Can I try a very brief (and not well-informed) attempt at an answer?
Before Buddhism there were the vedas. Atman is mentioned in the vedas but not well-defined.
After the vedas (and maybe still before Buddhism) are the upanishads. These sort of define Atman, by explaining that it means "soul" rather than "mind" or "body", and associate it with Brahman.
Then the Buddha comes along, and says, "Don't try to define what 'the self' means (that just leads to a thicket of views)", and let's have a "without-self" doctrine instead of doctrine about "self".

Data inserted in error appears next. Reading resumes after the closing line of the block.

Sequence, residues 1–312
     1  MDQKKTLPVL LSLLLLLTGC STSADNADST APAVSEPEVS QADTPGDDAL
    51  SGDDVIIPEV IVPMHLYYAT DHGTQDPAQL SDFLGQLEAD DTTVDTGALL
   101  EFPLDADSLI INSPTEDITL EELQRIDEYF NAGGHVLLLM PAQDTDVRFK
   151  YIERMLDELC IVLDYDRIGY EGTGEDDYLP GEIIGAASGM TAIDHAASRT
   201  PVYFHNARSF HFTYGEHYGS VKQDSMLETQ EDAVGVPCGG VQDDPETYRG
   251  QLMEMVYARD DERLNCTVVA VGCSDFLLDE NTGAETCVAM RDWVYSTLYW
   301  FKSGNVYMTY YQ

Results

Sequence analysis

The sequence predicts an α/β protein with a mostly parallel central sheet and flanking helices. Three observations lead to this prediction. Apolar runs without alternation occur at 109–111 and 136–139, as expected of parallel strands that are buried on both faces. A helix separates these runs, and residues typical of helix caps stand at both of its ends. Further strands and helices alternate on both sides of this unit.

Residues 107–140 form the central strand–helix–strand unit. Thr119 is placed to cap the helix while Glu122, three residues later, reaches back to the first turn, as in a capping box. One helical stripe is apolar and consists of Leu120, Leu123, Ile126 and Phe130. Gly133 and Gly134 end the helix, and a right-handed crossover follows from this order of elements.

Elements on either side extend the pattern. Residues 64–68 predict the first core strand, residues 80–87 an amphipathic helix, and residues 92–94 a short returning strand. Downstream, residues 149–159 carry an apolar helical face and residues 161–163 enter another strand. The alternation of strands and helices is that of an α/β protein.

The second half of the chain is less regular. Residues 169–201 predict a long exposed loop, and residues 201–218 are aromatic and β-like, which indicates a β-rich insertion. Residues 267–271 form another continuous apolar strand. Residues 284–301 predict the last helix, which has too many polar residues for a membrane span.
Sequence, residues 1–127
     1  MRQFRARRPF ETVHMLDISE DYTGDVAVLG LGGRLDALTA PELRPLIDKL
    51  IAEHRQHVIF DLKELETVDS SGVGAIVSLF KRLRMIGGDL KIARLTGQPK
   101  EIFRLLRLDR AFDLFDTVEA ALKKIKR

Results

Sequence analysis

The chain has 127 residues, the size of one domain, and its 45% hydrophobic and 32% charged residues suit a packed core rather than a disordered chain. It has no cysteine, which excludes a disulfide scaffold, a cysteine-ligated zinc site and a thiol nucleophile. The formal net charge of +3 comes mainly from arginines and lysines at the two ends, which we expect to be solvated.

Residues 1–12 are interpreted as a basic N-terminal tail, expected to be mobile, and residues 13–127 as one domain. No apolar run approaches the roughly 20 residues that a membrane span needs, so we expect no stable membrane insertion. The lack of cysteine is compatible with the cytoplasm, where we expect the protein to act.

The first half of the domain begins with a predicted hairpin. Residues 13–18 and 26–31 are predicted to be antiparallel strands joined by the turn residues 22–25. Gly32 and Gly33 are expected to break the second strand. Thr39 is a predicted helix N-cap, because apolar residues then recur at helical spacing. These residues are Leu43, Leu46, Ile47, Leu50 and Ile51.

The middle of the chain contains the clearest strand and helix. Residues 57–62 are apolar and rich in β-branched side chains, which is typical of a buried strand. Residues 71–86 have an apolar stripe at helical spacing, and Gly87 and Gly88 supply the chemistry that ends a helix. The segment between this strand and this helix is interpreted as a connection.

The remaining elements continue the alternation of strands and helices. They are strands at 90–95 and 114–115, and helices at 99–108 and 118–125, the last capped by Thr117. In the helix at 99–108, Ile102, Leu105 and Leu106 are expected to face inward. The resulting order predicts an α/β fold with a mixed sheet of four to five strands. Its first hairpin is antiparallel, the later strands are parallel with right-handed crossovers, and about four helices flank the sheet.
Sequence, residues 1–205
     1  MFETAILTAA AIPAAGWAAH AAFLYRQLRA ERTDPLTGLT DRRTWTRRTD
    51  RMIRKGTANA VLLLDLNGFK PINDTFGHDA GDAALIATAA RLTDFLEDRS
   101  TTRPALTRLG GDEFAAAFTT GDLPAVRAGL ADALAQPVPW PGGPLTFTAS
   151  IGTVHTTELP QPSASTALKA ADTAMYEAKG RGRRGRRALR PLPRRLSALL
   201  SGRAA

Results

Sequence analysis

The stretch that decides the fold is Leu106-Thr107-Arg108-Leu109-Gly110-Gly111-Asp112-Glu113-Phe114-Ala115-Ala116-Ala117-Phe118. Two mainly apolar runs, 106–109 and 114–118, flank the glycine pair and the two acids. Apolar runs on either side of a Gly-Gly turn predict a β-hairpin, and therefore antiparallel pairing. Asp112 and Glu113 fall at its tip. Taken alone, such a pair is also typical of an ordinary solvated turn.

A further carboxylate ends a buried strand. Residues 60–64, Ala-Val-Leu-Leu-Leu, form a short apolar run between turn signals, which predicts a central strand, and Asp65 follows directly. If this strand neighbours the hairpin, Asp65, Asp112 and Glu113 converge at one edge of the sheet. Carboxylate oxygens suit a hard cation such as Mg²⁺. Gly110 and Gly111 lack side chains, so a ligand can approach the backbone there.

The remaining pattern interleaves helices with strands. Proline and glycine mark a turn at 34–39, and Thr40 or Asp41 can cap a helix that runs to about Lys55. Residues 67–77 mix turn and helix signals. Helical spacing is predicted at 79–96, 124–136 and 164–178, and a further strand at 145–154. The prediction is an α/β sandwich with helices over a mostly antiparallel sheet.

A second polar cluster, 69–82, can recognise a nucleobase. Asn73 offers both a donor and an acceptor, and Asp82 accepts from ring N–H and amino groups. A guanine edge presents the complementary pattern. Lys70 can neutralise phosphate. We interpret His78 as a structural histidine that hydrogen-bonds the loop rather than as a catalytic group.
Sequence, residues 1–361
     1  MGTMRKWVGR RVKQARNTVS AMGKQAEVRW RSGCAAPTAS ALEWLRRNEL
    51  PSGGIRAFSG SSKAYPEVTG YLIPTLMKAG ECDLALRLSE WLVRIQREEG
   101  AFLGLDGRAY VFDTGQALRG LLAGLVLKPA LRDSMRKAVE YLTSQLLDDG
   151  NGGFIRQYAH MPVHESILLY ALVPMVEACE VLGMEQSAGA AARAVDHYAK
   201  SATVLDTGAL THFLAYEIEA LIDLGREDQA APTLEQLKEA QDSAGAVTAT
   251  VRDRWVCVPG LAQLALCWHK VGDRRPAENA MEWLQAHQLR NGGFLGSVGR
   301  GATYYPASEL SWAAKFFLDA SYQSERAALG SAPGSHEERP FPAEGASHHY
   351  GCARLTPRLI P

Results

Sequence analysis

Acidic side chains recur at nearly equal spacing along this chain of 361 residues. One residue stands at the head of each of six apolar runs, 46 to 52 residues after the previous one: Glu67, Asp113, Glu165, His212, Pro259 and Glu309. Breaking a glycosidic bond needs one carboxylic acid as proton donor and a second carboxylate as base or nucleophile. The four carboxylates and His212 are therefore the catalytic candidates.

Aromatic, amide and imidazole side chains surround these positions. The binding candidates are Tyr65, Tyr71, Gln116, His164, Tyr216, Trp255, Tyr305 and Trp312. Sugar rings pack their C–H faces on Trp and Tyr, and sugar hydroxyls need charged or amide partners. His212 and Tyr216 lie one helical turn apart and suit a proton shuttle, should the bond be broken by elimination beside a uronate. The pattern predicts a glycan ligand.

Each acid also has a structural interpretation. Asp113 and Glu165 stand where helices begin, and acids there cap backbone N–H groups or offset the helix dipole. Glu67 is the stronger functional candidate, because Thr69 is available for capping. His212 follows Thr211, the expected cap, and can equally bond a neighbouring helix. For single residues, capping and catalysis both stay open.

After the Buddha, Hinduism continues -- to some extent it's influenced by Buddhist doctrine -- see e.g. the Advaita Vedanta school's doctrine. I think it teaches non-duality (e.g. "Self and Brahman are One") but with some doctrine similar to Buddhism's (e.g. "the 'Self' is not the skandhas").
I think that's at least a little similar to Buddhism, in that one of its doctrines is "not this" (neti neti), i.e. "the 'Self' is not this" -- that seems to me similar to Buddhism's saying, "this is not Self".